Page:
Chinese Government Silences Activists Ahead of Shanghai World Expo

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(Chinese Human Rights Defenders, April 28, 2010) As the 2010 Shanghai World Expo opens on May 1, conspicuously absent from the festivities will be the residents of Shanghai who have lost their homes, businesses, and freedom to exercise their rights in the government’s drive to bring its ambitious plans for the Expo to fruition. Ahead of the arrival of an estimated 70 million visitors over the next six months, officials in Shanghai have detained, placed under surveillance, or threatened activists, dissidents, and petitioners across the city and in surrounding areas. Police in other cities have warned activists not to travel to Shanghai.

“The government is working to create an atmosphere of fear in the activist community in Shanghai and elsewhere,” said one activist who has been closely monitoring developments ahead of the Expo. “Many activists, dissidents, and petitioners are under some form of restriction of movement or surveillance. Some are refraining from speaking out for themselves or getting in touch with others for fear of serious retribution.”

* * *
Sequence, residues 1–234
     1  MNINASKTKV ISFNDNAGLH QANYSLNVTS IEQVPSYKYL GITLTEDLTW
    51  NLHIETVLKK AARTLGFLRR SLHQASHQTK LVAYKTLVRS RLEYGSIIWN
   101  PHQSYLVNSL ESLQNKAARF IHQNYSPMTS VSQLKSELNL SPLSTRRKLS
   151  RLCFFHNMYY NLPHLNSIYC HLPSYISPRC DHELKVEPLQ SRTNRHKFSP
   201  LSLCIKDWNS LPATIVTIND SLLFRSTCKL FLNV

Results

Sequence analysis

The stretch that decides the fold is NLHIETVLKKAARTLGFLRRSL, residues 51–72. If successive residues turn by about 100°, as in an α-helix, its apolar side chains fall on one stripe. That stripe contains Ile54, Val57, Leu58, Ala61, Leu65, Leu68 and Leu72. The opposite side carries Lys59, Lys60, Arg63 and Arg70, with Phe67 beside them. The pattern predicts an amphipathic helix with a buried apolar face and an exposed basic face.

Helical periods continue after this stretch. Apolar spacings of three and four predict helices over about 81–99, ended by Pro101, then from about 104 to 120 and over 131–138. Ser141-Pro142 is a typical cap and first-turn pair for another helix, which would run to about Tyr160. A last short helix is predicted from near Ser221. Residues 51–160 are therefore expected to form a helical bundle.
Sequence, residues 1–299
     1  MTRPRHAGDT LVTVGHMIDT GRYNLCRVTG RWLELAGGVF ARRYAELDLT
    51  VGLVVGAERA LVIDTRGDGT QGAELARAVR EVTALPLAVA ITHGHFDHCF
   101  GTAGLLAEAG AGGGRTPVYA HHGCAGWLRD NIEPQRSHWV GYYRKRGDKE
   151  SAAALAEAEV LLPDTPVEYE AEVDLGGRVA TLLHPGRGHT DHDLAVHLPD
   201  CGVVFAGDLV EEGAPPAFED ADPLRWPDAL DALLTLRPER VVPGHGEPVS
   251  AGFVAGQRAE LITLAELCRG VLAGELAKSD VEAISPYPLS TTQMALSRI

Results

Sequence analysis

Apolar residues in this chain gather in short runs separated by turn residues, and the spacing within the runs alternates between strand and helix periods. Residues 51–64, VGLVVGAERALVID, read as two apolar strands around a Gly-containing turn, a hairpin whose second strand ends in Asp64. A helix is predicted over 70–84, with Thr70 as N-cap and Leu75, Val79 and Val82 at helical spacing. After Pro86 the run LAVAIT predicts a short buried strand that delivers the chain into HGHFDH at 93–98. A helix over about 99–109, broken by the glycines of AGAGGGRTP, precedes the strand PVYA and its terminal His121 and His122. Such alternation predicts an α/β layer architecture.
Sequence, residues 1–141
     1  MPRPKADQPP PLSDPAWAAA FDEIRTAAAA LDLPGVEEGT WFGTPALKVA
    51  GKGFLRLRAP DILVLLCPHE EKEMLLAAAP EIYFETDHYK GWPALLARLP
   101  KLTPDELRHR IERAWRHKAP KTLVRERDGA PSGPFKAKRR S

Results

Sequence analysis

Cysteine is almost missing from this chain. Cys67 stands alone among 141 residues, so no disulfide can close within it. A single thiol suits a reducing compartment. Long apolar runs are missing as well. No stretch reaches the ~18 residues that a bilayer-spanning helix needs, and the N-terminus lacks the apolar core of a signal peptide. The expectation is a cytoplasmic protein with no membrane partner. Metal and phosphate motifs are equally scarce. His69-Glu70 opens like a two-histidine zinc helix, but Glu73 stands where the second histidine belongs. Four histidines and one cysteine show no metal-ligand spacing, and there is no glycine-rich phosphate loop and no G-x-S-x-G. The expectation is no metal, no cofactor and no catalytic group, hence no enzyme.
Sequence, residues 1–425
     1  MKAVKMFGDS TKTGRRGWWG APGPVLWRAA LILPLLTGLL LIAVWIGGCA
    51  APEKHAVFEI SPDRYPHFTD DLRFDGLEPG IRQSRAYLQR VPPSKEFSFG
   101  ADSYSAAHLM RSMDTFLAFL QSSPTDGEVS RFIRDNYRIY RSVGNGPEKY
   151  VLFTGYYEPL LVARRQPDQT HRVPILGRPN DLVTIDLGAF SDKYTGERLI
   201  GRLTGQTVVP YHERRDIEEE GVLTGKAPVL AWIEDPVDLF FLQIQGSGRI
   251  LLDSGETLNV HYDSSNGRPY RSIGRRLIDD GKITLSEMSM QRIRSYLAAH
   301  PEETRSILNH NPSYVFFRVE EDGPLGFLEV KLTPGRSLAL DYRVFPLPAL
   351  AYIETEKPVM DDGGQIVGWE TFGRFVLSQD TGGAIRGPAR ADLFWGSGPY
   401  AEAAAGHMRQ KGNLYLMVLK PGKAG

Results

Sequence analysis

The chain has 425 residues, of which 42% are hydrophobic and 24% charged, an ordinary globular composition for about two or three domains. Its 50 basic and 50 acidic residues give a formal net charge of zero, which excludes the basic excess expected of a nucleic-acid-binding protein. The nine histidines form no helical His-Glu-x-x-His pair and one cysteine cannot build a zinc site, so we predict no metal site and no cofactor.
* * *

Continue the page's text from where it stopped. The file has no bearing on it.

Police have sought out high-profile local activists and made it clear that any efforts to expose abuses by the government will be met with swift and serious retaliation. For example, Feng Zhenghu (冯正虎), a veteran Shanghai activist who for years has sought to draw attention to the failures of the Shanghai judicial system, had planned to set up a “Shanghai Expo of Unjust Court Cases” during the Expo. Around midnight on April 19, Shanghai police raided his home, confiscated his computer equipment and took him away for a four-hour interrogation. Police threatened that if he spoke out during the Expo they would “make him disappear like Gao Zhisheng (高智晟).”

Other activists have been placed in detention to ensure that they will be out of sight for the duration of the Expo. CHRD has documented six cases of Shanghai petitioners-turned-activists who have been sent to Re-education through Labor (RTL) since January for reasons related to the World Expo, and a total of 10 dating back to the latter half of 2009.[1] For example, Tong Guojing (童国菁) was sent to 18 months of RTL on February 13. Tong, like most of those sent to RTL, started petitioning after his home was forcibly demolished, and became an activist as he learned about the plight of fellow petitioners.

A number of activists in the provinces surrounding Shanghai, such as Wen Kejian (温克坚) and Zou Wei (邹巍) in Zhejiang Province, and Zhang Lin (张林) in Anhui Province, have been warned by local police against traveling to Shanghai during the Expo. CHRD has received reports that activists in cities as far away as Guangzhou, Xi’an, and Beijing have been asked to “tea” or questioned by police in recent days, and warned not to travel to Shanghai or speak out during the World Expo.